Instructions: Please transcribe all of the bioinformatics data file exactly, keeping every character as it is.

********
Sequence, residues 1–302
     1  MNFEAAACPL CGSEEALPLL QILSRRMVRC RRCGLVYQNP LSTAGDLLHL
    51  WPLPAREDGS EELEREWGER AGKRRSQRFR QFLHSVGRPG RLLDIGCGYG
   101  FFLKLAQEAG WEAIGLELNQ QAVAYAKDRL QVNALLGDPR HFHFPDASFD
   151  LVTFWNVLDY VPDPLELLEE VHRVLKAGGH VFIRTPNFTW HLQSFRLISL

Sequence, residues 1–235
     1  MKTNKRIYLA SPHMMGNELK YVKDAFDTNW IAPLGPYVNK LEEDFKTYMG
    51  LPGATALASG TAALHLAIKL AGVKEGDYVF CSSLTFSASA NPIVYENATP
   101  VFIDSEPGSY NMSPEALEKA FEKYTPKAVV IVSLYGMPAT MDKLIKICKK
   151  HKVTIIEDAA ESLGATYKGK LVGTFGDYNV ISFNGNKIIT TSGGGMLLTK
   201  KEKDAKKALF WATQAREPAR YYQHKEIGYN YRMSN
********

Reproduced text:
Sequence, residues 1–302
     1  MNFEAAACPL CGSEEALPLL QILSRRMVRC RRCGLVYQNP LSTAGDLLHL
    51  WPLPAREDGS EELEREWGER AGKRRSQRFR QFLHSVGRPG RLLDIGCGYG
   101  FFLKLAQEAG WEAIGLELNQ QAVAYAKDRL QVNALLGDPR HFHFPDASFD
   151  LVTFWNVLDY VPDPLELLEE VHRVLKAGGH VFIRTPNFTW HLQSFRLISL

Sequence, residues 1–235
     1  MKTNKRIYLA SPHMMGNELK YVKDAFDTNW IAPLGPYVNK LEEDFKTYMG
    51  LPGATALASG TAALHLAIKL AGVKEGDYVF CSSLTFSASA NPIVYENATP
   101  VFIDSEPGSY NMSPEALEKA FEKYTPKAVV IVSLYGMPAT MDKLIKICKK
   151  HKVTIIEDAA ESLGATYKGK LVGTFGDYNV ISFNGNKIIT TSGGGMLLTK
   201  KEKDAKKALF WATQAREPAR YYQHKEIGYN YRMSN